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Waiting for dinner. [Photo: Anna]

The buffet dinner was literally a protein-loading session for most of us as we tucked into the lambs, the beef, the chicken, the otah, the satays and the ice creams and ice kacang.  Personally I thought the buffet dinner food was really good and I enjoyed every bit of it.  Somehow the boys and girls hadn't had enough of calories and adjourned to the bar out at the garden compound.

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The bar. [Photo: Darric]

It was here that someone mooted the idea of a longer, multi-staged ride for the next destination.  Something that set KC's and Mike's brains thinking of the logistics and executions of such a great undertaking.

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I really didn't know what they were congratulating Wai Meng about.  But whatever they were congratulating him, it must have been something very worth congratulating.


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The brother and sister.

Next day, buffet breakfast and home-bound!

The buffet breakfast was just as good.  With plenty of egg white protein and such.

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Photo: Darric

Lunch at Restoran Weng Heong at Taman Bukit Blossom, Port Dickson

We were delighted to be back again at this Restoran Weng Heong, where Joyce brought us for lunch on our trip with JoyRider some years ago.  It was a real feast, a lovely gastronomic treat, and a great bonding time for the group.

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Wai Meng and Anna ordering at Weng Heong Restoran at Taman Bukit Blossom, Port Dickson.

As the dishes got gobbled up, and laughter and cheers filled the air, and as every single one opened up and started spewing jokes and not, the minutes ticked by and we found ourselves once again on the comfortable cushions of the coach heading towards a second link Singapore immigration that bore a one-hour-long private car queue, but miraculously the bus lane was clear.

So the members of this ride...

A most unforgettable ride this was.  Epic enough to allow each and every one of us to discover something new about himself or herself,  and also about the coping mechanisms to adapt to different riding conditions.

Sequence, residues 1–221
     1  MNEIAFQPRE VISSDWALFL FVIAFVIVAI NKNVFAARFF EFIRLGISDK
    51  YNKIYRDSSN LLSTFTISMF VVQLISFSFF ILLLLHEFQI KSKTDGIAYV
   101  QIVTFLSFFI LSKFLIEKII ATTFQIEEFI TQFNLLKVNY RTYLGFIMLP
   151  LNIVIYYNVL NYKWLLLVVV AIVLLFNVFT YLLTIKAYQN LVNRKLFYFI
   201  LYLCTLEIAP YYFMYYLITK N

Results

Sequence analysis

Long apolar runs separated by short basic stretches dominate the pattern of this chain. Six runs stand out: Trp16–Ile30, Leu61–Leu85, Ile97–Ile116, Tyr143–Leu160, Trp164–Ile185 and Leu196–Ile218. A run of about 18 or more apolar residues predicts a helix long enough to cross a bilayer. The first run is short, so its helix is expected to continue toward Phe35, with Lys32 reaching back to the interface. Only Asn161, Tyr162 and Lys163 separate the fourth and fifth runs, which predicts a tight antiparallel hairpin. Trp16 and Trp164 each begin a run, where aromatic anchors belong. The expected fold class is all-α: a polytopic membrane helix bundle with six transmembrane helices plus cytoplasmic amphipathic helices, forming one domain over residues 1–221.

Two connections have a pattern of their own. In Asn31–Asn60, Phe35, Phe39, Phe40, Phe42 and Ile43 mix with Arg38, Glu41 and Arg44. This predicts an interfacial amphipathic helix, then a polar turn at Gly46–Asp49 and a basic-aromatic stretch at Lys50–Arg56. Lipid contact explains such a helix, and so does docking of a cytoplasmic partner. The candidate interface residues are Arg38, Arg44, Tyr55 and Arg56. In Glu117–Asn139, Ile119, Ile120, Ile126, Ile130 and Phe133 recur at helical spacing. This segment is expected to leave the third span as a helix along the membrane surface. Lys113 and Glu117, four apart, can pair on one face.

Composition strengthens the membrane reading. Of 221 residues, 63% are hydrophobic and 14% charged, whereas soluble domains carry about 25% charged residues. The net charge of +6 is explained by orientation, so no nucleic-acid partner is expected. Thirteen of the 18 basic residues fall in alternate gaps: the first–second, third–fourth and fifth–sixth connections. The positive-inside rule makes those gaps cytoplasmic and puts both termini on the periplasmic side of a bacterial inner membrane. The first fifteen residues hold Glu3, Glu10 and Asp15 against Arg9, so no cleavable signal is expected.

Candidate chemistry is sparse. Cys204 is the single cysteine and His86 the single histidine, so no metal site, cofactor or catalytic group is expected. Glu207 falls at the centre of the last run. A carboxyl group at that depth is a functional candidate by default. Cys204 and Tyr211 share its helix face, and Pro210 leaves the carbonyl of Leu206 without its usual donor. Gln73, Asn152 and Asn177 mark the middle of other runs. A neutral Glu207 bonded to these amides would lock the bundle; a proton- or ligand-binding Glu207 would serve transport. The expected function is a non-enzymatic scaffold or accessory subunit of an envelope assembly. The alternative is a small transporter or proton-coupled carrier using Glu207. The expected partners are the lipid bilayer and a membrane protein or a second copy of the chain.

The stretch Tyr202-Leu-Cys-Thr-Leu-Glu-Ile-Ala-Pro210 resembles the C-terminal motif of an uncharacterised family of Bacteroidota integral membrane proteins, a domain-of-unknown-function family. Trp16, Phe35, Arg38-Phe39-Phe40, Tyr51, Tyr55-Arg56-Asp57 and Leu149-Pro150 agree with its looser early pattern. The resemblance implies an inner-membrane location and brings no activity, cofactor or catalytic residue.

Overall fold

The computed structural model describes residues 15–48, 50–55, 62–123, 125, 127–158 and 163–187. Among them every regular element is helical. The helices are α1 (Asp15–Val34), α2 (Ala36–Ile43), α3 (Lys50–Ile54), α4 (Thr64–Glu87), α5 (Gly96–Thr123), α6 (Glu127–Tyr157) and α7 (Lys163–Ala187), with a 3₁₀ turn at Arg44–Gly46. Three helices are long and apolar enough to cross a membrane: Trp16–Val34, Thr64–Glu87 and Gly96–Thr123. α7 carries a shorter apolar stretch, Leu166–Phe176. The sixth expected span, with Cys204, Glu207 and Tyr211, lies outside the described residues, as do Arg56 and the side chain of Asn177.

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The Team leader


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The Mountain Goat


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The ever-so-dependable Sweeper


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The Sub-3-er


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The Ironman-to-be on a Poly300


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The Ultra-Cheongster


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The Builder with an office for partying


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The quiet Tri-ster



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The quiet underwater rosterer


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The Aircon peloton puller


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The Music-blasting Giant


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The Three-First-timer


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The poor BANANA Lady


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The humble Panadol dispenser and his assistant

In hindsight...

I really enjoyed this ride.  Even more enjoyable than the ride was the company.  This bunch of people had shone through when the going got tough and had demonstrated to themselves that they are worthy of being called endurance cyclists.   And these are people with whom I would hop on my bike and go on a long ride at the drop of a pin and at the bat of an eye lid.
And once again, till the next ride!

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Anna's handphone.